On October 7, 2021, in our Indigenous Peoples’ Day Assembly, Tommy Orange, author of the Pulitzer Prize-nominated novel There There, joined us for an hour of conversation. He reflected upon his story, his writing process, and where he finds hope. I encourage you to ask your children about their takeaways from this assembly. The open question-and-answer exchange centered on his own origin story as an enrolled member of Cheyenne and Arapaho Tribes of Oklahoma, the increased visibility of Native people in contemporary American culture, and how we can engage critically with information to challenge romanticized teachings of Native American history and learn about the history, diverse cultures, and impact of Indigenous people in America.
Orange spoke about how fiction soothed him during a period of loneliness: reading the work of indigenous authors introduced him to characters that shared his lived experiences, something he never found in the depiction of Indigenous Americans in popular culture. Writing fiction provided a different type of outlet, allowing him the freedom to explore the different ways to be an Indigenous person, especially in an urban landscape. Looking back on his relationship with his identity, Orange—who only began to enjoy reading after high school—said he wished he’d found fiction sooner; and he encouraged students to consider reading as a way to learn more about others and their perspectives.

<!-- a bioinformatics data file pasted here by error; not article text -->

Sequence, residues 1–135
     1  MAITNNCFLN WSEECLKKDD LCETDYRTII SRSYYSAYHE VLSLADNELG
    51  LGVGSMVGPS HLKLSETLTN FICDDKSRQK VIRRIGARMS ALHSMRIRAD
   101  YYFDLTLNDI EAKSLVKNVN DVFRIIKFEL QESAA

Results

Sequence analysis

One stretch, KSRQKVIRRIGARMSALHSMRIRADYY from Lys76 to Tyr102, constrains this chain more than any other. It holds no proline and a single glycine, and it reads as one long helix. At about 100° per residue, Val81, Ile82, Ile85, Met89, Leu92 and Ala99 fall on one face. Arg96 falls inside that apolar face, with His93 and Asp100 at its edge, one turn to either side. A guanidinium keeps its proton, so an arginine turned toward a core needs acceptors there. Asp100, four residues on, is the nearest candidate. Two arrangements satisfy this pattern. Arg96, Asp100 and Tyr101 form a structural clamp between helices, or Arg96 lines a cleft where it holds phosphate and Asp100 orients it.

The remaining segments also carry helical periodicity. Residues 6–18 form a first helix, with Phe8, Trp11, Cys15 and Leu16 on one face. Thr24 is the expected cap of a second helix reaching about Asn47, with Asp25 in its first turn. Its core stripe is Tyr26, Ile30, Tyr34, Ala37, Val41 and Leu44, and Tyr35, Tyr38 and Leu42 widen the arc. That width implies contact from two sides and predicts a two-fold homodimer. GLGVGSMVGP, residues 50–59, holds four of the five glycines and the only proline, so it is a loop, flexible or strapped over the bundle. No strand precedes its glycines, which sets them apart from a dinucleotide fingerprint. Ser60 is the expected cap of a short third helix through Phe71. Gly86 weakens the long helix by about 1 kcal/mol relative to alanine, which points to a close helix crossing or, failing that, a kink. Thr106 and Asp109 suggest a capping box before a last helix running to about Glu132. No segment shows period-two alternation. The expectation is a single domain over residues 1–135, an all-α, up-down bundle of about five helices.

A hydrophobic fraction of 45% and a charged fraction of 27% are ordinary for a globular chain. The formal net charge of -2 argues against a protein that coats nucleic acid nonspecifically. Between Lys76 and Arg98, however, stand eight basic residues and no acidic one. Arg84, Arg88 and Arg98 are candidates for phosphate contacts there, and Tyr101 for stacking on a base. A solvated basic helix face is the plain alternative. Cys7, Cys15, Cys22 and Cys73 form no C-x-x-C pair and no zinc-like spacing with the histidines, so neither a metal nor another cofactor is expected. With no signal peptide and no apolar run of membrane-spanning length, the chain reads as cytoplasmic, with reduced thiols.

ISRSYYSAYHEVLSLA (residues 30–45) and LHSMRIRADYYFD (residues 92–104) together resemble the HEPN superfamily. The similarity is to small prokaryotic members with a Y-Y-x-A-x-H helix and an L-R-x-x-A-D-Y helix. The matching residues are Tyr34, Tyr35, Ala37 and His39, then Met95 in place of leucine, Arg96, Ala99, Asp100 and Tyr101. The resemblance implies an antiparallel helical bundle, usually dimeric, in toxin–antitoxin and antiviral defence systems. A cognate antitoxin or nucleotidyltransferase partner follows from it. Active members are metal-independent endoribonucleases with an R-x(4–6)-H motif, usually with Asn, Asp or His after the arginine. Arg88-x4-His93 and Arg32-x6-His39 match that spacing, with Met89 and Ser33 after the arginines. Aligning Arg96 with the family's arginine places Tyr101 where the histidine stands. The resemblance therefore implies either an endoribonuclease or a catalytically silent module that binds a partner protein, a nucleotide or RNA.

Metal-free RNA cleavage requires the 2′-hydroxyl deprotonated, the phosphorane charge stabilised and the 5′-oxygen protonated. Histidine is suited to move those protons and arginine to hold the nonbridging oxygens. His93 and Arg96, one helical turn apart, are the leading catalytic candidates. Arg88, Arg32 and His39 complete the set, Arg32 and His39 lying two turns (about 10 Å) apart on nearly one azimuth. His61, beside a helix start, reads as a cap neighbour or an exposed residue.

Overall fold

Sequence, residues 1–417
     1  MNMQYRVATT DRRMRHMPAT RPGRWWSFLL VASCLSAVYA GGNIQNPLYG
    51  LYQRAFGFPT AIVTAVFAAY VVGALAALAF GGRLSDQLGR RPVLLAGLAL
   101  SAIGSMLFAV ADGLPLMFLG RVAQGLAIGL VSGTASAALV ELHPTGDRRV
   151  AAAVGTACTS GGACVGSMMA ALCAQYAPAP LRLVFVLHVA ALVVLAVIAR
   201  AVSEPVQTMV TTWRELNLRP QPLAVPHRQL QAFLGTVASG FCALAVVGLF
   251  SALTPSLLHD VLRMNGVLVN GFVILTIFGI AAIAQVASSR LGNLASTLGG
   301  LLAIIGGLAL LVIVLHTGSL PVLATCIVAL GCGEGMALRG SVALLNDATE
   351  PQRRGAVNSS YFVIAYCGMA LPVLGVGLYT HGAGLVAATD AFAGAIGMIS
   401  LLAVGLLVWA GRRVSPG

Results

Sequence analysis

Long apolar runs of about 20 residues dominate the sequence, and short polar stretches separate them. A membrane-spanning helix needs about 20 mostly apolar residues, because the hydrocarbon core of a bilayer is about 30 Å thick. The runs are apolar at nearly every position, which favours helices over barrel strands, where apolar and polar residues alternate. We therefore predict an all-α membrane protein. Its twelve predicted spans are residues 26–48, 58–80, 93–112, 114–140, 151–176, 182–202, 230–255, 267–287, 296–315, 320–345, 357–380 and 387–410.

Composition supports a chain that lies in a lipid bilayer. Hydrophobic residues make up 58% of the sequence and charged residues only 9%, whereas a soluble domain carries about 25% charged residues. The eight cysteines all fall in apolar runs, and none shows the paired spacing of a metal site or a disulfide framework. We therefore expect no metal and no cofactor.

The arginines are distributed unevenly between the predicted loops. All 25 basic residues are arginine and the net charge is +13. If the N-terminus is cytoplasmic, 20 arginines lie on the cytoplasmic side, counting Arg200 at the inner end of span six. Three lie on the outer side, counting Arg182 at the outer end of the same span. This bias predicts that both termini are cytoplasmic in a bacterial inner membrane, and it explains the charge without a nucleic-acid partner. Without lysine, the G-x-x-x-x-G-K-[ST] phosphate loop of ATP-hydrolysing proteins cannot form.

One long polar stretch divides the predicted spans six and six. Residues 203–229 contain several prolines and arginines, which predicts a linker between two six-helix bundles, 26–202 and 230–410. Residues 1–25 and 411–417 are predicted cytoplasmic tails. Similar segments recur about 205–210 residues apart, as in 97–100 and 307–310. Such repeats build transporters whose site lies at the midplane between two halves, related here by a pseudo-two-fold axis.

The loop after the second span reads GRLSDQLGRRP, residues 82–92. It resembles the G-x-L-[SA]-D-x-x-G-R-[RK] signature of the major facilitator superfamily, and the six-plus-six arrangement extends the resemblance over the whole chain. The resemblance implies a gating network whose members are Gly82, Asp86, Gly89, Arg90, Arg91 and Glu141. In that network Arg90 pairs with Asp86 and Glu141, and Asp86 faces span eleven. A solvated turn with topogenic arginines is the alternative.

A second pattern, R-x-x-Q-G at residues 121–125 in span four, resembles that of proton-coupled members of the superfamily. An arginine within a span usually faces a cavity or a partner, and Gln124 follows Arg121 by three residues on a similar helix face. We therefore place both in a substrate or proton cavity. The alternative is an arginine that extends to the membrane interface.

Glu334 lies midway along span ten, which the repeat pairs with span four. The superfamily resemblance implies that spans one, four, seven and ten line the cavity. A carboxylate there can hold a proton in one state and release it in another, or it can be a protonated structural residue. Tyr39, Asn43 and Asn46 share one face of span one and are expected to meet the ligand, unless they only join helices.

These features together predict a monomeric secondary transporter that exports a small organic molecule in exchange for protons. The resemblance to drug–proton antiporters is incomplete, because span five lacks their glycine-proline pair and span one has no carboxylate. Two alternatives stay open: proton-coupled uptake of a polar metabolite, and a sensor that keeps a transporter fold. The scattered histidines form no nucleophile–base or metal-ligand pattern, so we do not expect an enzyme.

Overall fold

Orange closed by sharing how he finds joy and hope in the imaginations of young people, something that has found itself in his next novel, both a sequel and prologue to There There. He shared that he and his family continue to find ways to center their cultural traditions: along with his wife and 10-year-old son, Orange is currently learning his family’s tribal language.